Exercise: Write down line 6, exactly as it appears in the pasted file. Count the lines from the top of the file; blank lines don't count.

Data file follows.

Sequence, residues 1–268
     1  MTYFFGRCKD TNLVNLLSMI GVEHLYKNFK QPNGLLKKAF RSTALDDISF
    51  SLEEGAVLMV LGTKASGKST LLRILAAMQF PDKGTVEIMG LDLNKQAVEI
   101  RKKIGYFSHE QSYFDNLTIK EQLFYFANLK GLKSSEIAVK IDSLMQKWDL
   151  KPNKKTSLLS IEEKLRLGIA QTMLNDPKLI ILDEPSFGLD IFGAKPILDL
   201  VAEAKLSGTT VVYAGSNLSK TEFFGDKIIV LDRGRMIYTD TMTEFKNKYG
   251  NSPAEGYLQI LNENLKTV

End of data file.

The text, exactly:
   201  VAEAKLSGTT VVYAGSNLSK TEFFGDKIIV LDRGRMIYTD TMTEFKNKYG